386. considered an archive. This is useful for NFS mounts and local mirrors or
  387. archives.</para></listitem>
  388. </varlistentry>
  389. <varlistentry><term><command>cdrom</command></term>
  390. <listitem><para>
  391. The cdrom scheme allows APT to use a local CD-ROM, DVD or USB drive with media
  392. swapping. Use the &apt-cdrom; program to create cdrom entries in the
  393. source list.</para></listitem>
  394. </varlistentry>
  395. <varlistentry><term><command>ftp</command></term>
  396. <listitem><para>
  397. The ftp scheme specifies an FTP server for an archive. Use of FTP is on the
  398. decline in favour of <literal>http</literal> and <literal>https</literal>
  399. and many archives either never offered or are retiring FTP access. If you
  400. still need this method many configuration options for it are available in
  401. the <literal>Acquire::ftp</literal> scope and detailed in &apt-conf;.</para>
  402. <para>Please note that an FTP proxy can be specified
  403. by using the <envar>ftp_proxy</envar> environment variable. It is possible
  404. to specify an HTTP proxy (HTTP proxy servers often understand FTP URLs)
  405. using this environment variable and <emphasis>only</emphasis> this
  406. environment variable. Proxies using HTTP specified in
  407. the configuration file will be ignored.</para></listitem>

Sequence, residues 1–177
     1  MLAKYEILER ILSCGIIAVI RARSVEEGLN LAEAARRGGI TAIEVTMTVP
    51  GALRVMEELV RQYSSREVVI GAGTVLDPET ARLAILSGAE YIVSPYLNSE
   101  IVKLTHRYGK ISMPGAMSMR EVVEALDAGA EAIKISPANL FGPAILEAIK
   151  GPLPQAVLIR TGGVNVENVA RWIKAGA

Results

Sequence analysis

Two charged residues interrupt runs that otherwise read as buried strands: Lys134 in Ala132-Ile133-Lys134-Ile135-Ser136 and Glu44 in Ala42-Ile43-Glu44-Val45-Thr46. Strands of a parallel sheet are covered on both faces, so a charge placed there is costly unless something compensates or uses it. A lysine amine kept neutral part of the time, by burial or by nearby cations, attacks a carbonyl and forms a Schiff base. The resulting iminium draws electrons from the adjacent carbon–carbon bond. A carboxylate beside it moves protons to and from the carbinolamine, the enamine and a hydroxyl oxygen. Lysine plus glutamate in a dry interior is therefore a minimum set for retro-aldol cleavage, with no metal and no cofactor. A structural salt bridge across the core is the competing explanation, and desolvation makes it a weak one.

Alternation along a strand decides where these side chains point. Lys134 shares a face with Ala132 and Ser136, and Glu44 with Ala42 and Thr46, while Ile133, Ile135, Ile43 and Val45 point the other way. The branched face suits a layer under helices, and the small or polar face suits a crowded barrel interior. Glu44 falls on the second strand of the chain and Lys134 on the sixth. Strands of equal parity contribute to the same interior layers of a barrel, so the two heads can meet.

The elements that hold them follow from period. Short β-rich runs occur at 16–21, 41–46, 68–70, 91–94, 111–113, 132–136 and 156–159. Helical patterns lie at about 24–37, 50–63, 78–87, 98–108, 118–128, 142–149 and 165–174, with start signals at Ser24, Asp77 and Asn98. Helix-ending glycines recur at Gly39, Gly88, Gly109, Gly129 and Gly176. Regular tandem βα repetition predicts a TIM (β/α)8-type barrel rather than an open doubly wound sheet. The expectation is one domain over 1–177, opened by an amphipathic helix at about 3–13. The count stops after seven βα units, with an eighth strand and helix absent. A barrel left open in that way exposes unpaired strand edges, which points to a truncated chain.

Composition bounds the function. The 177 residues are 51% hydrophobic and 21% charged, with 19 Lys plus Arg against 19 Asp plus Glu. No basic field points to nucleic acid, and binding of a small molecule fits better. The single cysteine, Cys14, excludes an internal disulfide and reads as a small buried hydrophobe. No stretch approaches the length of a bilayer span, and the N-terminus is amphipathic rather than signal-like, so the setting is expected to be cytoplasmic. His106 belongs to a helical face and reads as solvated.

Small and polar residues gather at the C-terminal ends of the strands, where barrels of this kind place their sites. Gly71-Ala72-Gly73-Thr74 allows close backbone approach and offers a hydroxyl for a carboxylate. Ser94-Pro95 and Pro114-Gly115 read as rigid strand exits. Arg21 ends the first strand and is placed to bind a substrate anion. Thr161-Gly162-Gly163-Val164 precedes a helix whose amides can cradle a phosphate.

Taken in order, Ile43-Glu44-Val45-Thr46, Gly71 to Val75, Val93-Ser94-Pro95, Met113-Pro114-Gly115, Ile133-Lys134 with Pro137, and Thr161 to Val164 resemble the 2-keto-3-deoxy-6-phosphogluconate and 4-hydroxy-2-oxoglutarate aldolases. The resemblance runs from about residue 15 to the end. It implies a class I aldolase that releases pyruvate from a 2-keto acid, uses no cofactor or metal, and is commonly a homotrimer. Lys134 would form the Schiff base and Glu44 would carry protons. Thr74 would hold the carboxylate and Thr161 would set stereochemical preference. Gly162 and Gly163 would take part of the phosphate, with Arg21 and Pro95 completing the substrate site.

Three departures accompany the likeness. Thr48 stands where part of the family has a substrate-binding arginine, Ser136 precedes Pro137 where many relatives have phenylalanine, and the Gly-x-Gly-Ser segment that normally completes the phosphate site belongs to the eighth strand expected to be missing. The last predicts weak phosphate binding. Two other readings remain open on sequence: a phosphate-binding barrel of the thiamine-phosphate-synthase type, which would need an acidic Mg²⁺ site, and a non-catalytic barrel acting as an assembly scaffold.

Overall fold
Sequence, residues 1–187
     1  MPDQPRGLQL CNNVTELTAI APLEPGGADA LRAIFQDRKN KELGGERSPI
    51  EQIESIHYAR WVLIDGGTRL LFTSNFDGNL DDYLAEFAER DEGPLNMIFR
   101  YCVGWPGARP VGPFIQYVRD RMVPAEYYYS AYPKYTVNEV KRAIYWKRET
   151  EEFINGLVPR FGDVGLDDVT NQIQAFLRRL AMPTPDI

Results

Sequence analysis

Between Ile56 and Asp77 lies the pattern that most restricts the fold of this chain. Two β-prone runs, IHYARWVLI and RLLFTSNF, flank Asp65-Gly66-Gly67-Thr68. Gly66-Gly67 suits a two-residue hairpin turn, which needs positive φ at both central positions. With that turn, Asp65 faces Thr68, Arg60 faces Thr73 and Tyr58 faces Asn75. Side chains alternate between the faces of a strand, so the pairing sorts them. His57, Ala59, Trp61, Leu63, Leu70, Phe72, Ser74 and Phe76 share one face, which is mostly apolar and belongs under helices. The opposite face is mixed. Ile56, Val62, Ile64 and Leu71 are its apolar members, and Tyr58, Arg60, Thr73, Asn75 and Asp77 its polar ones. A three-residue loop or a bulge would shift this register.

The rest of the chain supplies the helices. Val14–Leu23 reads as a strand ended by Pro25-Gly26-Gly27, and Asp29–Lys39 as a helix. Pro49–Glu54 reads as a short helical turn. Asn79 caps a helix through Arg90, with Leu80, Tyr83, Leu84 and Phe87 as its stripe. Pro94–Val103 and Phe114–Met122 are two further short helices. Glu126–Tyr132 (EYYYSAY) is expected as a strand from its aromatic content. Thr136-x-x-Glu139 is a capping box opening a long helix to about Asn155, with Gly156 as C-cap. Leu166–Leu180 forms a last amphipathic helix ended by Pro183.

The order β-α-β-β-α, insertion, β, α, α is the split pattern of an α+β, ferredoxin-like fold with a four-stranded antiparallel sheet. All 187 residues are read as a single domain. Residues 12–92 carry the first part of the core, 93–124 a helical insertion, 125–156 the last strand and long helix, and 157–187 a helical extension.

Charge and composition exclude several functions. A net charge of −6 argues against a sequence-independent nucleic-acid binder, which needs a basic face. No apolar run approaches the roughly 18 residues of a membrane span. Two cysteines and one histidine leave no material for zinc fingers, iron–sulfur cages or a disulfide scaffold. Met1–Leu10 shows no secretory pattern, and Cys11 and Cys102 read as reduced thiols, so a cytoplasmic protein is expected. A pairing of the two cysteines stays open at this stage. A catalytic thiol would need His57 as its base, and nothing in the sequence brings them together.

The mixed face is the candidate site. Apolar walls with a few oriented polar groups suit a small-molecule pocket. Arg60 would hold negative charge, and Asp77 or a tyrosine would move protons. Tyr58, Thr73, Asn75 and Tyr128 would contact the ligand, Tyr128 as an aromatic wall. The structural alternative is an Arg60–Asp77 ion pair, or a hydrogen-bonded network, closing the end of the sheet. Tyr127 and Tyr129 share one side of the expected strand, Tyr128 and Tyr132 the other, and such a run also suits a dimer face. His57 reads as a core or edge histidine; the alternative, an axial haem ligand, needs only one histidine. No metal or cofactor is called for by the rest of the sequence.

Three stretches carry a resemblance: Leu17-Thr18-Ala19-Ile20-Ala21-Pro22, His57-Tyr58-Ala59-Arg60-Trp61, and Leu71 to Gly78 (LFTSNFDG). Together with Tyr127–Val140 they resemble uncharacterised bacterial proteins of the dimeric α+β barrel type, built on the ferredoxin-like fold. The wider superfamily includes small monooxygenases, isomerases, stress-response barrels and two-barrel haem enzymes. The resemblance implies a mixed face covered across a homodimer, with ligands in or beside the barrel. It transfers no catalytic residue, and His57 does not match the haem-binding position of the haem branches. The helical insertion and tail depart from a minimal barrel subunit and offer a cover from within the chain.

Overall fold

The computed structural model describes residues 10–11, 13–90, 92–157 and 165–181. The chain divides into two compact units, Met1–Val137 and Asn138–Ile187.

408. </varlistentry>
  409. <varlistentry><term><command>copy</command></term>
  410. <listitem><para>
  411. The copy scheme is identical to the file scheme except that packages are
  412. copied into the cache directory instead of used directly at their location.
  413. This is useful for people using removable media to copy files around with APT.</para></listitem>
  414. </varlistentry>
  415. <varlistentry><term><command>rsh</command></term><term><command>ssh</command></term>
  416. <listitem><para>
  417. The rsh/ssh method invokes RSH/SSH to connect to a remote host and
  418. access the files as a given user. Prior configuration of rhosts or RSA keys
  419. is recommended. The standard <command>find</command> and <command>dd</command>
  420. commands are used to perform the file transfers from the remote host.
  421. </para></listitem>
  422. </varlistentry>
  423. <varlistentry><term>adding more recognizable URI types</term>
  424. <listitem><para>
  425. APT can be extended with more methods shipped in other optional packages, which should
  426. follow the naming scheme <package>apt-transport-<replaceable>method</replaceable></package>.
  427. For instance, the APT team also maintains the package <package>apt-transport-tor</package>,
  428. which provides access methods for HTTP and HTTPS URIs routed via the Tor network.
  429. </para></listitem>
  430. </varlistentry>
  431. </variablelist>
  432. </para>
  433. </refsect1>
  434. <refsect1><title>Examples</title>
  435. <para>Uses the archive stored locally (or NFS mounted) at /home/apt/debian
  436. for stable/main, stable/contrib, and stable/non-free.</para>
  437. <literallayout>deb file:/home/apt/debian stable main contrib non-free</literallayout>
  438. <literallayout>Types: deb
  439. URIs: file:/home/apt/debian
  440. Suites: stable
  441. Components: main contrib non-free</literallayout>
  442. <para>As above, except this uses the unstable (development) distribution.</para>
  443. <literallayout>deb file:/home/apt/debian unstable main contrib non-free</literallayout>